In Yard (To Harrow), William Pope.L hews most faithfully to Kaprow’s original vision, filling Hauser & Wirth’s gallery (the garden long since enclosed) with 1200 tires. Transposing outside to inside, and outfitting the space with dimming and flashing lights, Pope.L changes Yard into “a coal cellar rather than a dump,” as Kaprow himself described a 1982 iteration. Pope.L has also added surveillance cameras, traded Kaprow’s enigmatic tarpaper-covered mounds for a wooden rack holding stacks of glossy black-plastic body bags and included a soundtrack that features a Barack Obama impersonator. Punctuated by the repeated mantra “rearrange the tires,” the voice-over liberally mixes references to contemporary art with nods to “Nazi torture chambers” and “the hills of Afghanistan,” at one point equating “a Happening” with a “terrorist enclave.” Reminiscent of Christian Jankowski’s The Holy Artwork (2001), in which a televangelist preached about art, the foreboding soundtrack, delivered in the president’s familiar cadences, acts in concert with the impenetrable chaos of the cast-off tires, the acrid smell of rubber and the disorienting stroboscopic effects to produce a dark and vertiginous spectacle that feels urgent, even if its import remains obscure.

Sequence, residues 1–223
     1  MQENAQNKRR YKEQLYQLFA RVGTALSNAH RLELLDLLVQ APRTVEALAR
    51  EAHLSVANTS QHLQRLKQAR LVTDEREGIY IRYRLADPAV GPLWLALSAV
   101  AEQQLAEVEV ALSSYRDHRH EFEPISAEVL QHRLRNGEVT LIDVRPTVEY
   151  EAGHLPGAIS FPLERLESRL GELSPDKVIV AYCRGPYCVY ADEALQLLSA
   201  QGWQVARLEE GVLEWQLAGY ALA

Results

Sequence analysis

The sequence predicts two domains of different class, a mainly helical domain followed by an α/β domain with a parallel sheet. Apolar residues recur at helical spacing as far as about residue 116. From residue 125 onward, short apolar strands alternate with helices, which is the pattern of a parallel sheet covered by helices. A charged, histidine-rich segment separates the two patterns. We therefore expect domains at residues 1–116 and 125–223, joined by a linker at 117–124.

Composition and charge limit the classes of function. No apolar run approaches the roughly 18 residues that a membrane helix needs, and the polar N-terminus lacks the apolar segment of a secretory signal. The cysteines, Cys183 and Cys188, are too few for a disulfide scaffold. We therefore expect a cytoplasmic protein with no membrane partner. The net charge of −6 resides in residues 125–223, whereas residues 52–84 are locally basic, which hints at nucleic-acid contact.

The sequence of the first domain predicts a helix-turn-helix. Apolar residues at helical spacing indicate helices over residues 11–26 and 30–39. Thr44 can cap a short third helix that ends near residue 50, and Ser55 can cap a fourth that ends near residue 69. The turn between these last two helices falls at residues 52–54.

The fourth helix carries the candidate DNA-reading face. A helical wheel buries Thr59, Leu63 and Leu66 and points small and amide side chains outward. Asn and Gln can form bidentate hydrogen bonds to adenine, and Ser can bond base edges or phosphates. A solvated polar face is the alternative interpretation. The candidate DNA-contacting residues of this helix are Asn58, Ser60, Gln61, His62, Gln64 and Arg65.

At the Queens Museum of Art, Yard (Junkyard), a photograph by Josiah McElheny, shows an aerial view of the so-called Iron Triangle, not far from the museum: an intersection filled with used auto parts and repair shops. Projected nearly 80 feet wide, McElheny’s impressive slice of urban grit seems to picture the source of Kaprow’s materials and imagery, but ends up looking like an oversized Jeff Wall, minus the high resolution and the pointed metanarrative. For Yard (Sign), Sharon Hayes placed dozens of examples of signage that recently graced front lawns around the United States in the open field of the New York Marble Cemetery (all the grave markers are affixed to the enclosing walls). Obama campaign signs from last year’s election figure prominently, along with handwritten postings decrying the theft of Obama signs, but there are also announcements for yard sales, open houses, foreclosure bus tours and custom window tinting as well as stranger rants lettered on cardboard about rebuilding New Orleans and the genocide of Native Americans. Hayes has gathered a lively, if cacophonous, community of voices, which, because of the dated quality of many of the messages, might appear to belong to the people interred underneath. She allows the dead to speak to the present day, something that, in a sense, occurs in all three recuperations of Kaprow’s work.
This is an article from the Winter 2009 issue of Canadian Art.